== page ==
Richard Strauss (German)
1864-1949 Late Romantic/Early Modern
Known for operas such as Salome and
1804-1857 Romantic Nationalism
Influenced future Russian composers and produced
distinct Russian style. His Patriotic Song became anthem
The Mighty Handful (The Five)
Also known as "The Five." A circle of composers that met
with the aim to produce a Russian kind of art music, as
opposed to imitated older European music.
Modest Mussorgsky (Russian)
1839-1881 Late Romantic/Nationalist
One of "The Five." Innovator of Russian music. Strove to
achieve unique Russian musical identity. Music
inspired by Russian history, folklore, and themes.
Nicolai Rimsky-Korsakov (Russian)
1844-1908 Late Romantic/Nationalist
Member of "The Five." Master of orchestration.
Nationalist. Pieces include Scheherazade, Capriccio
Espagnol, Russian Easter Festival Overture.
1872-1915 Late Romantic/Modern
Developed an increasingly atonal musical system,
presaging twelve-tone composition and other serialism.
Bedrich Smetana (Czech)
1824-1884 Late Romantic/Nationalist
Known as the father of Czech music.
(Developed Czech musical style).
1854-1928 Late Romantic/Nationalist
Devoted to creating a unique modern
musical style. Inspired by folk music.
Edvard Grieg (Norwegian)
1843-1907 Late Romantic
Composer and Pianist. Best known for his Piano
Concerto in A minor, and incidental music to Peer Gynt
Jean Sibelius (Finnish)
1865-1957 Late Romantic/Nationalist
Important role in formation of Finnish
Edward Elgar (English)
1857-1934 Late Romantic
Best known works include Enigma Variations, Pomp &
Circumstance Marches, The Dream of Gerontius.
Manuel de Falla (Spanish Andalusian)
1876-1946 Late Romantic
One of Spain's most important composers of the first
half of the 20th century.
Camille Saint-Saens (French)
1835-1921 Late Romantic
Composer, organist, conductor, pianist.
Gabriel Faure (French)
1845-1924 Late Romantic/Modern
Important 20th Century French composer. Best known
for his Nocturnes for piano, Clair de lune. Taught by
Giacomo Puccini (Italian)
1858-1924 Late Romantic
Operas among most frequently performed which include
La boheme, Tosca, Madama Butterfly, Turandot.
1875-1900s Late Romantic
Italian literary movement and was associated with
post-romatic operatic tradition.
Claude Debussy (French)
Most prominent impressionist. Music noted for its
sensory component and for not forming around on key
Maurice Ravel (French)
1875-1937 (Twentieth Century)
Known especially for his melodies, orchestral and
instrumental textures and effects. Works include Bolero,
Jeux d'eau Miroirs, Le tombeau de Couperin, etc.
Erik Satie (French)
1866-1925 20th Century
Precursor to minimalist movement
Colourful figure in the early 20th century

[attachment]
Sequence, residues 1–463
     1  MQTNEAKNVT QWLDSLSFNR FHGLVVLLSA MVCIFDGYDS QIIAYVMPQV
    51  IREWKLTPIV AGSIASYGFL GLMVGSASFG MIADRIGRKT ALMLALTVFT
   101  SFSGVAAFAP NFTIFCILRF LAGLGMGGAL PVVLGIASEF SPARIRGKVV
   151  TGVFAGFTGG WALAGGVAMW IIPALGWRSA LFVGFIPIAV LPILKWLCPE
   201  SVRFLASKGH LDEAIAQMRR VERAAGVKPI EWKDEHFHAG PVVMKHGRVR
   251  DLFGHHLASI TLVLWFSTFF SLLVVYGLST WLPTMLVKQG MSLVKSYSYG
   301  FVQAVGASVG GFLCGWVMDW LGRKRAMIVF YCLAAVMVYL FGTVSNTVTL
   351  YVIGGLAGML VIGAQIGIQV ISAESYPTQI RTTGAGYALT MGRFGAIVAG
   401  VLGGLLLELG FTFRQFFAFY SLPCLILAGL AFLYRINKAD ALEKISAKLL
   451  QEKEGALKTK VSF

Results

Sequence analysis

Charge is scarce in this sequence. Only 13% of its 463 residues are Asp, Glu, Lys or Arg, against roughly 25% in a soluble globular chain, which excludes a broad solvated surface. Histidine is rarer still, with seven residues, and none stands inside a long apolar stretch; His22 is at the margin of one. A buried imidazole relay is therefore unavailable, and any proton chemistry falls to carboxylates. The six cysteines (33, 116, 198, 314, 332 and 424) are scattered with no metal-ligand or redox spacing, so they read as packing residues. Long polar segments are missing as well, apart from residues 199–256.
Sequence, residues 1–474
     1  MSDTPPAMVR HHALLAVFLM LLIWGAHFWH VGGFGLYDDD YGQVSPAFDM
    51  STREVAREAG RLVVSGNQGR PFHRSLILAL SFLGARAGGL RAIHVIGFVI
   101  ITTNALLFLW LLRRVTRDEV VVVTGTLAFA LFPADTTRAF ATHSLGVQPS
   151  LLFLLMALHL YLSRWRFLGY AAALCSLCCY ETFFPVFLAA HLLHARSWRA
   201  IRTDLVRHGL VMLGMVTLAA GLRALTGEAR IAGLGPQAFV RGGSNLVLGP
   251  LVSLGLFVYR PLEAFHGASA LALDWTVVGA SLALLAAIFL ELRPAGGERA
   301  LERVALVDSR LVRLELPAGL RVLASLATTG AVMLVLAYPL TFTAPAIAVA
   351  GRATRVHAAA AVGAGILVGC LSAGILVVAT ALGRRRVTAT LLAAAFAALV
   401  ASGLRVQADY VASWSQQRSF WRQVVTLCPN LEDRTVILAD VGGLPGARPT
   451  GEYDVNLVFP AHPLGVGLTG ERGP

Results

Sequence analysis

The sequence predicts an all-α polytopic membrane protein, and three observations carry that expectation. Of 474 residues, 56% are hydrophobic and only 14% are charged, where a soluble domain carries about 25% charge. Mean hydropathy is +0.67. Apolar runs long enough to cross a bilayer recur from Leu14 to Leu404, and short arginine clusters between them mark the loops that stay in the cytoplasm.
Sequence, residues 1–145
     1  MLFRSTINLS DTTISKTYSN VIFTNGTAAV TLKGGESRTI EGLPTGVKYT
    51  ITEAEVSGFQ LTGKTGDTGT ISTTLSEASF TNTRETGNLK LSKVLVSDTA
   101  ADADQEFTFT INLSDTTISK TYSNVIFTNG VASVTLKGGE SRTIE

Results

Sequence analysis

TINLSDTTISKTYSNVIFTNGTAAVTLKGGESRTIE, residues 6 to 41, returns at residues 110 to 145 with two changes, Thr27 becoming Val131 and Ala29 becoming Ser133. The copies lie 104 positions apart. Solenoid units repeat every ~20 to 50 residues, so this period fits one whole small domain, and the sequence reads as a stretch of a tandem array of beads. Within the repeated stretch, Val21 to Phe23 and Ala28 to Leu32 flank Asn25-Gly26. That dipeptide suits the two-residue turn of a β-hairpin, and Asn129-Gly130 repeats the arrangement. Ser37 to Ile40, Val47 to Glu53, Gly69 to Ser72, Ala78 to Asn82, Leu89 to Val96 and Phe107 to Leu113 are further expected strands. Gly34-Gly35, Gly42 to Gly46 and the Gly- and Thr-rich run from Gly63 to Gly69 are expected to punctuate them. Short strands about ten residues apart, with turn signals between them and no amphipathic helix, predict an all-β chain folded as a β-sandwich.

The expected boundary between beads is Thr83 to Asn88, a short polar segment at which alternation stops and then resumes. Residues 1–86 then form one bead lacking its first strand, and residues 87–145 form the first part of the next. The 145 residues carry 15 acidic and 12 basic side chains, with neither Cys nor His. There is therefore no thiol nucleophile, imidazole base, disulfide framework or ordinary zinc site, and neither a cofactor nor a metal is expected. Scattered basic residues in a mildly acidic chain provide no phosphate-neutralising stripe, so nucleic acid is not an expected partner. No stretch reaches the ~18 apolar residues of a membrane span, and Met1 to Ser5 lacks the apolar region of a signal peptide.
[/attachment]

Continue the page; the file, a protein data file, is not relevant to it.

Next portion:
Les six francais
Group of six composers working in France
whose music was often seen as a reaction
against Wagner's style and impressionism
Darius Milhaud (French)
1892-1974 20th Century
Member of Les Six. One of most prolific
composers of 20th century. Influenced by
jazz and makes use of polytonality.
Arthur Honegger (Swiss)
1892-1955 20th Century
Member of Les Six. Most popular piece is
probably Pacific 231, which attempts to
imitate the sound of a steam locomotive.
Francis Poulenc (French)
1899-1963 20th Century
Member of Les Six. Composed solo piano
music, oratorio, choral music, opera,
balllet music, and orcherstral music.
Gustav Holst (English)
1874-1934 20th Century
Most well known for The Planets. His work
influenced Wagner, Strauss, and fellow
student Ralph Vaughan Williams.
Ralph Vaughn Williams (Eng
1872-1958 20th Century
English composer of
music, opera, choral music,
and film scores.
Bela Bartok (Hungarian)
1881-1945 20th Century
Top 20th Century composer and important Hungary
composer. Considered a founder of ethnomusicology.
Zoltan Kodaly (Hungarian)
1882-1967 20th Century
Composer and ethnomusicologist. Known for Kodaly
Method, an approach to music education.
Carl Orff (German)
1895-1982 20th Century
Composer. Best known for cantata Carmina Burana.
Developed influential method of musican ed for children
Benjamin Britten (English)
1913-1976 20th Century
Composer, Conductor, and Pianist.
Central figure of 20th Century British
Classical music. Wrote Peter Grimes opera
Gian-Carlo Menotti (Italian-American)
1911-2007 20th Century
Composer and Librettist. Wrote the Christmas
opera Amahl and the Night Vistors
Sergei Prokofiev (Russian)
1891-1953 20th Century
Composer, pianist, and conductor. Mastered numerous
musical genres. Works: Peter and the Wolf, Romeo and Juliet (ballad),
Love for Three Oranges, Lieutant Kije (suite)
Dimitri Shostakovich (Russian)
1906-1975 20th Century
Soviet Russian composer. Developed a
hybrid style influenced by Prokofiev and
Stravinskiy, heard in Lady Macbeth...
Charles Ives (American)
1874-1954 20th Century
One of first internationally renown American composers
Experimented with polytonality, polyrhythm, and tone
clusters, foreshadowing atonality and 20th century
Arnold Schoenberg (Austrian)
1874-1951 20th Century